Presentation Authors: Thomas Ahn, Matthew Roberts*, Andrew Strahan, Gregory Malone, Jason Paterdis, Glen Wood, Peter Heathcote, Brisbane, Australia
Introduction: Prostate cancer (CaP) survivorship after prostatectomy is plagued by negative functional outcomes, such as incontinence and erectile dysfunction. Despite being prevalent in this age group, the effects on lower urinary tract symptoms (LUTS) after surgery are minimally described, thus the aim of this study was to assess LUTS and QOL using the International Prostate Severity Score (IPSS) following RALP.
Methods: A prospectively curated database of 1917 consecutive robotic assisted laparoscopic prostatectomies (RALPs) undertaken over an 8-year period from January 2009 to January 2017 was assessed. Pre-operative information including age, prostate specific antigen (PSA), body mass index (BMI), International Prostate Severity Score (IPSS) and quality of life (QoL) scores were compared to IPSS and QOL scores reported at 12 months post-surgery.
Results: Of the 1917 men who underwent RALP, 1470 with complete data were included in the analysis. The mean age, prostate weight and BMI were 62 (+/- 6.7) years, 51 (+/- 17.6) g, and 28 kg/m2, respectively. Overall, 57% of men had an improved IPSS score, with 76% (from 60%) scoring IPSS 7 or less post-operatively. 41% reported an improved QoL. 32% of men reported a worse IPSS or QoL. In a subgroup analysis, 63.7% and 90.3% of patients with pre-surgery moderate LUTS (IPSS 8-19) and severe LUTS (20-35) respectively, demonstrated significantly improved IPSS scores (IPSS change of 5 or more) at 1-year post RALP whilst 81.3% with pre-surgery mild LUTS (IPSS 0-7) remained stable (-5 to 5 IPSS change). Our post-RALP mean IPSS scores were lower (less urinary symptoms) when compared with existing literature post-radiation therapy especially in the baseline moderate and severe IPSS scores (IPSS 8 or more).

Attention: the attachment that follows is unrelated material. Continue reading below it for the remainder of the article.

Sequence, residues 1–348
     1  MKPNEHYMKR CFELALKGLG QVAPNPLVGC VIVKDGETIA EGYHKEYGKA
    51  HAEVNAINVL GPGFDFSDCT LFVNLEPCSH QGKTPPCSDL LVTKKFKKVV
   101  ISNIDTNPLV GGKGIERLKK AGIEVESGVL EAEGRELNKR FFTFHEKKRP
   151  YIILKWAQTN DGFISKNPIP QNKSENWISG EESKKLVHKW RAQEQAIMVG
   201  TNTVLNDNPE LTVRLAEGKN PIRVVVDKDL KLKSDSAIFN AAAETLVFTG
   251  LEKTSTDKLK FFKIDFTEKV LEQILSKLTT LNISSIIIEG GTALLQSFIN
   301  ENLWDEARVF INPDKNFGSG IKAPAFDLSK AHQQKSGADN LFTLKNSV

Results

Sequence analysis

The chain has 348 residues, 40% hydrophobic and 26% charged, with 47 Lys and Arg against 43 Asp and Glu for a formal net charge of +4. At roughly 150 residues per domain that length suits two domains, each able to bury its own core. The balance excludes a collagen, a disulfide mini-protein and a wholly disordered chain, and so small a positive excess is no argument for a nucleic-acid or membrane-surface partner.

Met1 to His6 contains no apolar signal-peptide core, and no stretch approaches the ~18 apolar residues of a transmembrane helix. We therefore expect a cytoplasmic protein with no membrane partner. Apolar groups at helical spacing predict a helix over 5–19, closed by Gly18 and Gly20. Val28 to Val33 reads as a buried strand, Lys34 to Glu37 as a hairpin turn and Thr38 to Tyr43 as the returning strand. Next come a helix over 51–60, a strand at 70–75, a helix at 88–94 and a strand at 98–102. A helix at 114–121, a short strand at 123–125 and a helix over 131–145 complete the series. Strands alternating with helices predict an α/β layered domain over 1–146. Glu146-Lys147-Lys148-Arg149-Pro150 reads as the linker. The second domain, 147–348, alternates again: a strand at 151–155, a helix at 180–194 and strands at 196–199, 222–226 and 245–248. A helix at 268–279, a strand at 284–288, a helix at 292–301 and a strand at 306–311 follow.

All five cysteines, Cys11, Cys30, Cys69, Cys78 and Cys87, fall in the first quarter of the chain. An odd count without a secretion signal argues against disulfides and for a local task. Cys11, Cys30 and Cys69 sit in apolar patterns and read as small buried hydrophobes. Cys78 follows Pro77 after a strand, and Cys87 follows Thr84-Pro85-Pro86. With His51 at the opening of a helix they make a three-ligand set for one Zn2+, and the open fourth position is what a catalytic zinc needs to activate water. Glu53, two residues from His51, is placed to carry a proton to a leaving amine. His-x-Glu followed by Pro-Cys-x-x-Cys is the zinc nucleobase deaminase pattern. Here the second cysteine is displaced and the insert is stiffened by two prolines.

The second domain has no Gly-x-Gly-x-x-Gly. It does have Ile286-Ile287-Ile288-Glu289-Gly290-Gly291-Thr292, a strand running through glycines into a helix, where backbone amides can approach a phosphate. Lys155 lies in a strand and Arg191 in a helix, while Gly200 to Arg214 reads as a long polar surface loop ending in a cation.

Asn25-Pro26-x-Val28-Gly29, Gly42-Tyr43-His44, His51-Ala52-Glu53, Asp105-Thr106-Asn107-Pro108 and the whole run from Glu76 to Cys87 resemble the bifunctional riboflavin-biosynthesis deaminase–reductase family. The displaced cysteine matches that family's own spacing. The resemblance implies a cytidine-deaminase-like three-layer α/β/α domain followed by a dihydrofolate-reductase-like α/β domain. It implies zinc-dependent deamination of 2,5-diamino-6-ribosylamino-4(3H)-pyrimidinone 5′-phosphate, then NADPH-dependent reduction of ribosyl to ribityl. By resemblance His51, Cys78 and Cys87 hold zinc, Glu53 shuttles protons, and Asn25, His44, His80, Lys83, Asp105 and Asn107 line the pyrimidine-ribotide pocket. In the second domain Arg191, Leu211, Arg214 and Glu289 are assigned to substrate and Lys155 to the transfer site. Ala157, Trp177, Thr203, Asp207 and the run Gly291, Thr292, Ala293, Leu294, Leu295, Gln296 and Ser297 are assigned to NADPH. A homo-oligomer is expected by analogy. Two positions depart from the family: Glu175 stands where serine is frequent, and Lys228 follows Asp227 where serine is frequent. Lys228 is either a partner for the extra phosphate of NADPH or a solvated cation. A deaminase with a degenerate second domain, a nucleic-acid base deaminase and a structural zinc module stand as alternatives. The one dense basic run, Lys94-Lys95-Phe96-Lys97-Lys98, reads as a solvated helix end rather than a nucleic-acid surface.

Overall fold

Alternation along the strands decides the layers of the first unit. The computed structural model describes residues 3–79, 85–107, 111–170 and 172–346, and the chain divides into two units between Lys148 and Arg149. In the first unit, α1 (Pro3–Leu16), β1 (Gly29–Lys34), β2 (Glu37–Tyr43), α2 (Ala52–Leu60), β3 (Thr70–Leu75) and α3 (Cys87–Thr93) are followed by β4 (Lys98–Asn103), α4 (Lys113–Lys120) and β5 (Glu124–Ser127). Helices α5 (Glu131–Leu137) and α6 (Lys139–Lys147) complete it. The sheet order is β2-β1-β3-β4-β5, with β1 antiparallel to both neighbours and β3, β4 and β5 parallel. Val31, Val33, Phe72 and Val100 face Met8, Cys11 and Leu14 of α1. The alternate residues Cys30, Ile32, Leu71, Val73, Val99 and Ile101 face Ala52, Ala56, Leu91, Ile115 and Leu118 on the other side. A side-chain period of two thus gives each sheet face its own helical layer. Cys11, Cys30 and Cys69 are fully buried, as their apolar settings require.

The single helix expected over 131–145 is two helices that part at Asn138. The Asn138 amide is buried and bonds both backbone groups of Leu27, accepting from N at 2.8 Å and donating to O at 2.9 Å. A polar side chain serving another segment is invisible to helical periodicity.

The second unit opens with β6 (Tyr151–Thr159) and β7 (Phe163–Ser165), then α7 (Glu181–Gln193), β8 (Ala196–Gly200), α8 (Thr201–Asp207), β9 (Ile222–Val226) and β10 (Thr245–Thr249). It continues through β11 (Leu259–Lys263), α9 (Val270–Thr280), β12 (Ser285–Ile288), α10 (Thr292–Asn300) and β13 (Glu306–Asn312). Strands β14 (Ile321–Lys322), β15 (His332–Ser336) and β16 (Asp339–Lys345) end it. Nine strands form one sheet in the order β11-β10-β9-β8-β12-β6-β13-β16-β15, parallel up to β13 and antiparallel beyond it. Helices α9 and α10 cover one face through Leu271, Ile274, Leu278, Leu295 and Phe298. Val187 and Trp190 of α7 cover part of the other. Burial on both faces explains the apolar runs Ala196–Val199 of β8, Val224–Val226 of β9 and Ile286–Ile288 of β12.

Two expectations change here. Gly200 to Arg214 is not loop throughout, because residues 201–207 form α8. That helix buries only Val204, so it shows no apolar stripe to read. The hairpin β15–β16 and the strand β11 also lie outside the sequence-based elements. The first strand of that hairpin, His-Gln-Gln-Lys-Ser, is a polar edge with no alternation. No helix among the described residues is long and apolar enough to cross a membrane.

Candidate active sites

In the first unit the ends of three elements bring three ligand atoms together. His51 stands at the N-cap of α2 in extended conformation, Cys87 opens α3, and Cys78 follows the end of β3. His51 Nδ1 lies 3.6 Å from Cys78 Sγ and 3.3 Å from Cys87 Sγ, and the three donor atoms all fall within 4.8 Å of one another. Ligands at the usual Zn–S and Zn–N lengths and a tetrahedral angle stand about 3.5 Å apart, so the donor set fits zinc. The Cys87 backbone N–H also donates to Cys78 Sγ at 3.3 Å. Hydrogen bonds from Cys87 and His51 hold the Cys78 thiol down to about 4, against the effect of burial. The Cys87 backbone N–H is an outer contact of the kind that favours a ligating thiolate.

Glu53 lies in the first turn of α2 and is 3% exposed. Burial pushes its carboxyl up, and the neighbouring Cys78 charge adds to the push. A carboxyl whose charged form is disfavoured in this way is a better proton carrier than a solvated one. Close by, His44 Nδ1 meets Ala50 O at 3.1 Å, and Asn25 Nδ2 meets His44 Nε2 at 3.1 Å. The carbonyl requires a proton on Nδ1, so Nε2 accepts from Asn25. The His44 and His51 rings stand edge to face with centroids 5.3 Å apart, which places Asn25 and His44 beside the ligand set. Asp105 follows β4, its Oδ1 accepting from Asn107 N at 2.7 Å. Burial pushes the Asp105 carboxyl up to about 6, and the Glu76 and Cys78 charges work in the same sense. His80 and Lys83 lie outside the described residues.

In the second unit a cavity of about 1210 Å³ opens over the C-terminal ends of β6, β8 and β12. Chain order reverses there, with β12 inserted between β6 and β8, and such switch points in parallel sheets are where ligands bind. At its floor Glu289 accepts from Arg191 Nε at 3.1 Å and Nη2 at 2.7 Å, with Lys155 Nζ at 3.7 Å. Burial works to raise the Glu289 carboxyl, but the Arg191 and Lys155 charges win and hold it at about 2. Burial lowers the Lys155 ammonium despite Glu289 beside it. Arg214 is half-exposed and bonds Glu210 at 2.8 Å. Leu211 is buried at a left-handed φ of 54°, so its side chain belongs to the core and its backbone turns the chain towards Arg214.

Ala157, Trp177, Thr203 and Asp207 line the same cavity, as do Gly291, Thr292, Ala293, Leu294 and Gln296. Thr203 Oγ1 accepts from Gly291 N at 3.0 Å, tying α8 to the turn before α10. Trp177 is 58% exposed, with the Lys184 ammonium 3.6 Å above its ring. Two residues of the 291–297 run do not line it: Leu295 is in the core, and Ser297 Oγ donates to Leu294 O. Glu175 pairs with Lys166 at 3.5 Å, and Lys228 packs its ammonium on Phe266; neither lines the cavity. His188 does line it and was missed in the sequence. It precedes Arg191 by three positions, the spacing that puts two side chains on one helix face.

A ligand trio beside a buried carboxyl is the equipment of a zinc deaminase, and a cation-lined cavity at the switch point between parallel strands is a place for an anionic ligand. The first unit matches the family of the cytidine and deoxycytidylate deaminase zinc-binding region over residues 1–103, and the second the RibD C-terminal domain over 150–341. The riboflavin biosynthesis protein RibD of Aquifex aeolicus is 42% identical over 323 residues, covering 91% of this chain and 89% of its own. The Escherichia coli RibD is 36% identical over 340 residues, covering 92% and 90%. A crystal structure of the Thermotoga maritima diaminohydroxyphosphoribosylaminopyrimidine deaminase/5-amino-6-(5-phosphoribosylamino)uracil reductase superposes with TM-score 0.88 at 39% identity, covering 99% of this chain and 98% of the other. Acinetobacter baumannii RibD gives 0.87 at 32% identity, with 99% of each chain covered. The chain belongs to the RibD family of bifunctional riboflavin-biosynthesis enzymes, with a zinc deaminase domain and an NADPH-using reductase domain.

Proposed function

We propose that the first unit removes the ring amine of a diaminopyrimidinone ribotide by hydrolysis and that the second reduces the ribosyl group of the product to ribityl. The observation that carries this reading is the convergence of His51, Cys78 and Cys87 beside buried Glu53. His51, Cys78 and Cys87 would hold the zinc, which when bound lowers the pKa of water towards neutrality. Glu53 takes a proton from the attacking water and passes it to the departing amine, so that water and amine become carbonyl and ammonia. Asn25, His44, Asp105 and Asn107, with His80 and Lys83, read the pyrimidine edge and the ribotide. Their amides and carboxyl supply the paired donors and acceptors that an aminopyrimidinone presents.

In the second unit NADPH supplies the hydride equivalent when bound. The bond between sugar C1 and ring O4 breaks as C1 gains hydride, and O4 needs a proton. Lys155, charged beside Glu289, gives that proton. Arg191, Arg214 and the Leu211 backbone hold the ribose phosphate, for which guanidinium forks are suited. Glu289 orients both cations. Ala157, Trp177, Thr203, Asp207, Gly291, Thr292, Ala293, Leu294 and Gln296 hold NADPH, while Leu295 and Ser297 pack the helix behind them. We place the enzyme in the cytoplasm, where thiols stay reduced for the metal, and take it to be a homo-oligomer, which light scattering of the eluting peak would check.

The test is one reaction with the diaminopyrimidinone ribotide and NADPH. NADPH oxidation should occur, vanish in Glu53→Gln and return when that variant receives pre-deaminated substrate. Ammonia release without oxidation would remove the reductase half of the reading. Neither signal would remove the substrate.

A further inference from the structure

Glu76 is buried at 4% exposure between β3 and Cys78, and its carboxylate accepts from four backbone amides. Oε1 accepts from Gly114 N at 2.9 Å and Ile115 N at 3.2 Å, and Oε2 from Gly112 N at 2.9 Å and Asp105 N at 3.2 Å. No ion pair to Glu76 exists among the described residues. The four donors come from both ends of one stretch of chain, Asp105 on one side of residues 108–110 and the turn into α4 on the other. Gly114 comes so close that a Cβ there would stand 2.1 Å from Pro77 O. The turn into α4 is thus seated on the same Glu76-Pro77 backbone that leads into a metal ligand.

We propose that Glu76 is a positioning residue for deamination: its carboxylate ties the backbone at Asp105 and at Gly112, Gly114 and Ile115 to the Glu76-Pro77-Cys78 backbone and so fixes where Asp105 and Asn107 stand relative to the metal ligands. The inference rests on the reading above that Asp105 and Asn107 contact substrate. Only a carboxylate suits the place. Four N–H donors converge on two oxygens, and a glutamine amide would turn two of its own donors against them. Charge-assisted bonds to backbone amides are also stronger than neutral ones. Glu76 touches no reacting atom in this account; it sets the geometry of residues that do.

Conclusions: At 12-months post-RALP, most men reported improved overall LUTS and QoL, with greater benefit seen in those patients with high pre-RALP IPSS and worse LUTS with low IPSS. Further analyses on specific IPSS domains and longer follow up are needed.